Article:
With the spread of spiritualism from the United States to Europe in the mid-1800s, the idea of communicating with perceived celestial intelligences suddenly became more acceptable. And, if an American Indian chief or a Chinese philosopher could act as a spirit guide, then so could long-dead Egyptian spirits and even the gods and goddesses of that wonderful country. More significantly, the revival in the mystic powers of ancient Egypt was embraced by a number of occultists of the era, who felt some kind of sympathetic connection with this unseen world. More importantly, it was the influence of one such mystic that may well have convinced Lord Carnarvon that his destiny was linked inextricably not only with coming events connected with the resurrection of the Amarna age in popular consciousness, but also with the opening of the tomb of Tutankhamun.

We speak of 'Cheiro' (pronounced ki-ro), alias Count Louis le Warner Hamon (1866-1936), the world-renowned fortune-teller and palmist of Irish birth, who during the late Victorian period read palms, cast horoscopes and made psychic predictions for the rich and famous. His first client is said to have been Arthur James Balfour, the future Conservative Prime Minister and the signatory on the so-called Balfour Declaration of 1917 (see Chapter 23). From the 1890s onwards, Hamon attracted an elite clientele both at his Indian-style salon in London's trendy Bond Street, and while on his travels abroad. The list is mind-boggling, and apparently included, among others, Mark Twain, Sarah Bernhardt, the British statesman Sir Austin Chamberlain, the writer Oscar Wilde and the Dutch dancer and spy Mata Hari, with whom he became a close acquaintance. Sir Ernest Shackleton, the explorer of the Antarctic, went in disguise to his Bond Street address in order to test him, but was told, correctly, that he would not return from a second expedition. When Field Marshal Horatio, Lord Kitchener, the hero of the Sudan, turned up to see Hamon he was informed that his death would come at sea. He was to die when his cruiser, HMS Hampshire, struck a mine and sank in the North Sea, off the Orkney Isles, in June 1916.

As Hamon's reputation as a fortune-teller grew, he was introduced to more and more clients of distinction. Among them was the King of Italy, Humbert I, whom he met in Rome in 1900 and predicted correctly that he would be dead within three months. Another was the Shah of Persia, whom he met in Paris that same year. Hamon informed him that his life was in grave peril, prompting the shah's police guard to foil an assassination attempt by an anarchist.

Most famous of all Hamon's clients was Edward VII, for whom he predicted the exact date of his coronation in August 1902 and subsequent death in 1909. Through the British king he was introduced to other members of the royal family, for whom he cast horoscopes and made predictions. It was also through Edward VII that Hamon came to meet Tsar Nicholas II of Russia, about whom he predicted that around '1917 he will lose all he loves most by sword or strife in one form or another, and he himself will meet a violent death'. So intrigued was the Tsar by this prediction that in late 1904, on a visit to St Petersburg, Hamon was invited to dine with him at the Summer Palace. During his stay Gregori Rasputin came to meet Hamon one afternoon in January 1905. As with the Tsar, he predicted that Rasputin would suffer 'a violent end within a palace. You will be menaced by poison, by knife, and by bullet. Finally I see the icy waters of the Neva closing above you'. It goes without saying that both Rasputin and the Tzar were to lose their lives in the manner prescribed.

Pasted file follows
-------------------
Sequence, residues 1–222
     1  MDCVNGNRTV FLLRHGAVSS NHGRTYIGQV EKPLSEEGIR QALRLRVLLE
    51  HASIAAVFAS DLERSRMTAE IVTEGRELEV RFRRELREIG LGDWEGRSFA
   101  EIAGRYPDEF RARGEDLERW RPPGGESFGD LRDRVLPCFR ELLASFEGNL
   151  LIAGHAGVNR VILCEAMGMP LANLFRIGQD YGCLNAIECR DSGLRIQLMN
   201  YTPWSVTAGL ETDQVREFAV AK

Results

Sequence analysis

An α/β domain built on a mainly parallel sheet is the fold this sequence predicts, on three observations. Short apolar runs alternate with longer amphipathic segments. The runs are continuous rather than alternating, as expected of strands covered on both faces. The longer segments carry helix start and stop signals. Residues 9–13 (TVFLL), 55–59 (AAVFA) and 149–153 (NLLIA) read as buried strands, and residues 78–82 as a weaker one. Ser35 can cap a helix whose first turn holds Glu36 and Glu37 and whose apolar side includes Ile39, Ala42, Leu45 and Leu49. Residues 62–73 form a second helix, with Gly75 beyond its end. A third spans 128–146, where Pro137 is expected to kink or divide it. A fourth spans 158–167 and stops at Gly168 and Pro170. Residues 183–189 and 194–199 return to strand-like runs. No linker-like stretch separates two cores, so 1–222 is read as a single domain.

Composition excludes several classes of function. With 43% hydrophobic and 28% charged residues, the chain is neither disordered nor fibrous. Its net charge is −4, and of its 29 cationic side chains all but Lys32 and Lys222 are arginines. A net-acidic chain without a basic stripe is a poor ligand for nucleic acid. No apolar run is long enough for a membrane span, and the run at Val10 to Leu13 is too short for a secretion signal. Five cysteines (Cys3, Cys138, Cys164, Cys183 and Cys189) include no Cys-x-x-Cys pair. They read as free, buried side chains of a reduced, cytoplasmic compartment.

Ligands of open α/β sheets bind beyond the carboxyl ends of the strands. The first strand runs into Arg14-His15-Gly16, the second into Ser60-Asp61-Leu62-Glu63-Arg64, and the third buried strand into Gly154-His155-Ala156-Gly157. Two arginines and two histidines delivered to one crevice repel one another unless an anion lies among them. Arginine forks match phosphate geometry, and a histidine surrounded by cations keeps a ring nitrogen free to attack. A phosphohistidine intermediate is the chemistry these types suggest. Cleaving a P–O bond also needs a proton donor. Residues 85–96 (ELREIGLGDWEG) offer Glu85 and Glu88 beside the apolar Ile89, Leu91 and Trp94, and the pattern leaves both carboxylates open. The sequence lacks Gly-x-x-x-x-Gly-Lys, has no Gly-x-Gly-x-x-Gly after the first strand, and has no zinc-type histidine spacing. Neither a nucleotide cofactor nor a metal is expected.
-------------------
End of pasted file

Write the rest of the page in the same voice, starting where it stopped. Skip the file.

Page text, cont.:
Marshall Hall QC

It is certainly not the place here to extol any further the apparent predictions of Count Louis Hamon, alias 'Cheiro', whatever their basis in truth. Yet what is significant to the story behind the discovery of Tutankhamun's tomb is that the author Barry Wynne in his 1972 book BEHIND THE MASK OF TUTANKHAMEN claimed that Lord Carnarvon was one of Hamon's clients. Indeed, it is recorded that in 1899 Hamon had cause to ask the Earl of Carnarvon's close friend and lawyer, Sir Edward Marshall Hall QC, to defend him, after he was named as a co-respondent in a case brought against him by the husband of a woman client who had become infatuated by the celebrated palmist. In the end the petitioner withdrew his claim, and paid the damages and costs, but only after Hamon was able to prove his innocence. At the time, the fortune-teller revealed to Marshall Hall psychic imagery that would foreshadow, and even predict, his election win at Southport some sixteen months later in October 1901.